Unity, Liberty & Charity

Music by LuAnn Latzanich to accompany your reading

Two weeks ago, the Board of Ordained Ministry of the North Georgia Conference conducted examination of candidates for commissioning (provisional membership) and ordination (full connection) in the orders of elder or deacon. I have been a member of the board for eight years; that’s two terms (quadrennia in Methodist terminology). Serving on the board has been a sacred responsibility: one of the hardest and most rewarding assignments I have had.

Both laity and clergy are members of the board. Some of our lay members are quick to say that clergy are best equipped to evaluate theology and doctrine, but I have found that many of them are well versed in this area, too. Together we evaluate sermons, Bible studies, call to ministry, leadership and other aspects of the called life. After all this we must say whether they pass, are deferred (which means they have to come back because of a deficiency) or are denied (discontinued). We are asked to use our best judgment and our collective discernment. Sometimes it is easy and other times really hard.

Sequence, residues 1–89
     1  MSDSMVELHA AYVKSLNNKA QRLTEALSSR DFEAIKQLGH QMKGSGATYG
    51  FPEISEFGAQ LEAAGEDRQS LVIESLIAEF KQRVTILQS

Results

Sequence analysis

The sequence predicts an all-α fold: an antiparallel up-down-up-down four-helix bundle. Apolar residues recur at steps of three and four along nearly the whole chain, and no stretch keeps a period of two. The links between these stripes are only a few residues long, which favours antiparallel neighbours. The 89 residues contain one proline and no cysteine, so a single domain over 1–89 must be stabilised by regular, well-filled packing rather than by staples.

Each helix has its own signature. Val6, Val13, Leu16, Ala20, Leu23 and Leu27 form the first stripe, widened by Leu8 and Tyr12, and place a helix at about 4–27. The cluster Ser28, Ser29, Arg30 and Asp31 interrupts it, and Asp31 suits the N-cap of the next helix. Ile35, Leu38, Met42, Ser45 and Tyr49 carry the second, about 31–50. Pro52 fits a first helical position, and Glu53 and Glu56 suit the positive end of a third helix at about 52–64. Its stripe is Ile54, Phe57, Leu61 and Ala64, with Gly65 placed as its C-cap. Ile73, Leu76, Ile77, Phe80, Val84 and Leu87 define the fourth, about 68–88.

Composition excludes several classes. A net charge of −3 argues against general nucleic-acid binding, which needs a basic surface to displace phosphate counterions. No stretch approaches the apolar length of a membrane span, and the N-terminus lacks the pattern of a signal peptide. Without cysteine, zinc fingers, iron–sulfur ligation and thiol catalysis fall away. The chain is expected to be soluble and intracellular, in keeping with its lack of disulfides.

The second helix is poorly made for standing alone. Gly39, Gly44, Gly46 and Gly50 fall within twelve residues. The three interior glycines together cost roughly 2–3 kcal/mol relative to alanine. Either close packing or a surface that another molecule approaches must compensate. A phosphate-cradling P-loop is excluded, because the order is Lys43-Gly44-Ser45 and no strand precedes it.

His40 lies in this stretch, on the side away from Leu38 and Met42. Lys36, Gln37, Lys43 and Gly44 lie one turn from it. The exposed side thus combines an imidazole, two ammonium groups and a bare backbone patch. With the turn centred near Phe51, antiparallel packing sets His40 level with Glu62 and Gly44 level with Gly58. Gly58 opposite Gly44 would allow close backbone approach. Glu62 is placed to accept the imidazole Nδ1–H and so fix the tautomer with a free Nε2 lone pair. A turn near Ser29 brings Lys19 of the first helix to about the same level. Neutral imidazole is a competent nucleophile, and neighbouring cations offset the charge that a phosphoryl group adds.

The chair of the board, Rev. Glenn Etheridge, stepped down this year as he continues to fight cancer; and Rev. Julie Boone stepped up a year early to be our chair. Usually the vice chair has a year to learn from the chair before taking over; but Julie had to assume this responsibility without a transitional year. She did a great job, but we all knew that she needed us to be especially supportive if for no other reason than the details of Robert’s Rules of Order. She asked for our grace as she learned. Our guiding principle for the entire time was intentionally that of grace.